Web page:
By Greg Bowman
In the end, the Tigers didn’t really have much of a choice. They had to give their pitching ace Justin Verlander the richest contract ever awarded to a pitcher in Major League Baseball History. If they didn’t do it now, they faced the prospect of losing Verlander to free agency after next season, or being forced into a bidding war where they might have had to pay even more for him.
The Tigers gave Verlander a five-year extension through 2019, worth 140 million. That ís on top of the 40 million he ís already owed for the next two seasons. And the deal includes an option for 2020, which would pay him another 20 million. That adds up to a hefty package worth more than 200 million dollars over the next seven seasons.
Is he worth that much money? For families struggling to make it on 50 thousand dollars a year, it seems ridiculous that someone should be paid about 76 thousand dollars per DAY just because he can throw a baseball 100 miles an hour. And that is for a player who only performs every fifth day. But someone is only worth what the market will bear. And if Mike Illitch or any other team owner is willing to shell out that kind of money, then more power to Verlander.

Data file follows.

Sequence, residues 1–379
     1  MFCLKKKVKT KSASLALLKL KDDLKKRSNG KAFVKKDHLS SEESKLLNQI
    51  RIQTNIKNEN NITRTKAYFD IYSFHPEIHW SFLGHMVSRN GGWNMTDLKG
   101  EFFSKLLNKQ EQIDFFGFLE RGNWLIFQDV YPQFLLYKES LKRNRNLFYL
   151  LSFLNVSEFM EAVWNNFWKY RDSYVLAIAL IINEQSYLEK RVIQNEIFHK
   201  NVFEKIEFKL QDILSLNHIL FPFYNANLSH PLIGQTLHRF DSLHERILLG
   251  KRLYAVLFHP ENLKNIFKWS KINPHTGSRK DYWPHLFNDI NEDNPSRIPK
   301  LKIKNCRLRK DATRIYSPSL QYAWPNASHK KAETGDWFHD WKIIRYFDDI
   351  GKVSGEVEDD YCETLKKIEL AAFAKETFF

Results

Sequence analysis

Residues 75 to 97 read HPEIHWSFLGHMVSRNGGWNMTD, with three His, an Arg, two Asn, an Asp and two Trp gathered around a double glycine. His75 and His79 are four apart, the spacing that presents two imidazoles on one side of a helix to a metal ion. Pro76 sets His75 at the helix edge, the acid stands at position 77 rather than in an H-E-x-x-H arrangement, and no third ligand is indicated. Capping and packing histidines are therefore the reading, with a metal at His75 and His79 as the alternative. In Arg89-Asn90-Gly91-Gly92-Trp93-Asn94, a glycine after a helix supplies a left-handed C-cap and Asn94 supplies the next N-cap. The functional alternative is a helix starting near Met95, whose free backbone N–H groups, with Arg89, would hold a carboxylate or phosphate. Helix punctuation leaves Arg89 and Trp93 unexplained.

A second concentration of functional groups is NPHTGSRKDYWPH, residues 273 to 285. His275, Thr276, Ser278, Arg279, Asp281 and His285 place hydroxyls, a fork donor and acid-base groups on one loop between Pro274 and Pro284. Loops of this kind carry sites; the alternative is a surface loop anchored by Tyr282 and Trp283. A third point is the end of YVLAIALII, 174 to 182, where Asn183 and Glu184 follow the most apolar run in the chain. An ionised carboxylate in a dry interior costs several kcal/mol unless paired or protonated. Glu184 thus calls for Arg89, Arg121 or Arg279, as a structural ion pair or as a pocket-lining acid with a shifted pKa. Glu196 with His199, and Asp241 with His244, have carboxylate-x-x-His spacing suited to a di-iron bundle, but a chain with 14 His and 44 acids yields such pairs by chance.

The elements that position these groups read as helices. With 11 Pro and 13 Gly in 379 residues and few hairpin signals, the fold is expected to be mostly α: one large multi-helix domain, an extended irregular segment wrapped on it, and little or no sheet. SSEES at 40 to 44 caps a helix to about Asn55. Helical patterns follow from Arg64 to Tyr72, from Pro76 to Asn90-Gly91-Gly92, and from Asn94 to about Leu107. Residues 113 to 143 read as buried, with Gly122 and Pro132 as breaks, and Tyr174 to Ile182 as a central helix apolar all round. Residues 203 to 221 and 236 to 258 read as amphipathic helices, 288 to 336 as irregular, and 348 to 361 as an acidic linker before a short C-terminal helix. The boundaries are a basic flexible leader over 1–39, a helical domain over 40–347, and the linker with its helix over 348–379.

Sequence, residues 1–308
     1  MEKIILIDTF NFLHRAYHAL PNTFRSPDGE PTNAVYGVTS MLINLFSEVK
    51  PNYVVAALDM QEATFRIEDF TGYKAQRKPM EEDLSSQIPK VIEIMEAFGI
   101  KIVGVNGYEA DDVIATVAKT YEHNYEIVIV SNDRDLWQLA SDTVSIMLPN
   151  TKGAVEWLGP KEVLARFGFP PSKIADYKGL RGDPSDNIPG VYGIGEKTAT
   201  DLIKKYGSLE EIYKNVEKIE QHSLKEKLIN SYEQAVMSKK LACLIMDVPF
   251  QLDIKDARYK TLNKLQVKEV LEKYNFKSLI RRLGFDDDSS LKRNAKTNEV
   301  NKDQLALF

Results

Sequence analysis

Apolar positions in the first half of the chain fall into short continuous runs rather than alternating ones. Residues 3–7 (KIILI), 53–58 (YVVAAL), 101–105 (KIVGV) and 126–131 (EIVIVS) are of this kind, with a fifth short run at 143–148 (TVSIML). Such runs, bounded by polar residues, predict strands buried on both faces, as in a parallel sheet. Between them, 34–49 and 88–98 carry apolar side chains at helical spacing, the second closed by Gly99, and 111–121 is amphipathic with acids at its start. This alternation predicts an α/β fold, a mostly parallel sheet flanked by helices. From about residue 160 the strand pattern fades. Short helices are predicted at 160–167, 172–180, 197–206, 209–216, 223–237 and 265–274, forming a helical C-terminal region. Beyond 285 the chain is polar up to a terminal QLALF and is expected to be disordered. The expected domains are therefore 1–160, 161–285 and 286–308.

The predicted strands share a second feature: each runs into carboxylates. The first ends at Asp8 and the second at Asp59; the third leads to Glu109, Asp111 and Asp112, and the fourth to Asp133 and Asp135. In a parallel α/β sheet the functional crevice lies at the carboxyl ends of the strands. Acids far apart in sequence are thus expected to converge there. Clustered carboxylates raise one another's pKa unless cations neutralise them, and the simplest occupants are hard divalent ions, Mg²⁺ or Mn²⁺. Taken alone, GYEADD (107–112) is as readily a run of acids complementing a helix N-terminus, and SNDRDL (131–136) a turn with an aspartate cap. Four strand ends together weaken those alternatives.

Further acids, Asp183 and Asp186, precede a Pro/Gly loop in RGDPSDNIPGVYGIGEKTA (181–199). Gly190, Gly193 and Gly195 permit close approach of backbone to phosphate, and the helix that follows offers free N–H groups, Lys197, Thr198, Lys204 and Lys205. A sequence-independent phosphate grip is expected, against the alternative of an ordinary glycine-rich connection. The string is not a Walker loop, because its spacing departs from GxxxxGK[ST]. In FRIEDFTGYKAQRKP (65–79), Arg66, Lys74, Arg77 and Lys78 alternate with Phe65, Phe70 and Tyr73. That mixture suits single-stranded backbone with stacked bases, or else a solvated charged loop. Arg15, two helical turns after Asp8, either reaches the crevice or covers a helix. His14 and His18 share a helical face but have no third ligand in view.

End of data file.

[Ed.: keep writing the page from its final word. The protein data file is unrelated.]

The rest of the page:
We have to remember that baseball is a multi-billion dollar business. And teams wouldn’t be paying Verlander and other star players these kinds of salaries if they didn’t think it would pay off in higher attendance, souvenir sales, and rich TV contracts. Will fans resent it? I doubt it, at least as long as Verlander continues to be among the top five pitchers in baseball. I doubt that you cared about how much Anne Hathaway or Leonardo DeCaprio made for their latest movie. You were watching for their performance: Did they excel; did they move you; did they thrill and excite you? And if you liked what you saw, you probably didní’t mind paying the 10 bucks for a ticket and almost that much for popcorn. We’ll have to wait and see if the price of hot dogs goes up at Comerica Park to pay for JV ís contract.
So far, Verlander has been one of the most consistent and reliable pitchers in the Major Leagues. Let’s hope that keeps up for the rest of the contact. The Yankees are paying the price now for A-Rod’s long-term deal, which really hurts now that he is only a shadow of the superstar player he once was. And this is not the Tigers’ first 200 million dollar contract; they already gave one to Prince Fielder last season, in a nine-year contract.
But enough money talk. Baseball is still what matters. And I can’t wait for the Tigers to open the season on Monday in Minnesota. It’s been a long, cold winter. The Tigers have their eye on the World Series Prize again this fall. And this time, they won’t be satisfied until they come home with the World Series Trophy.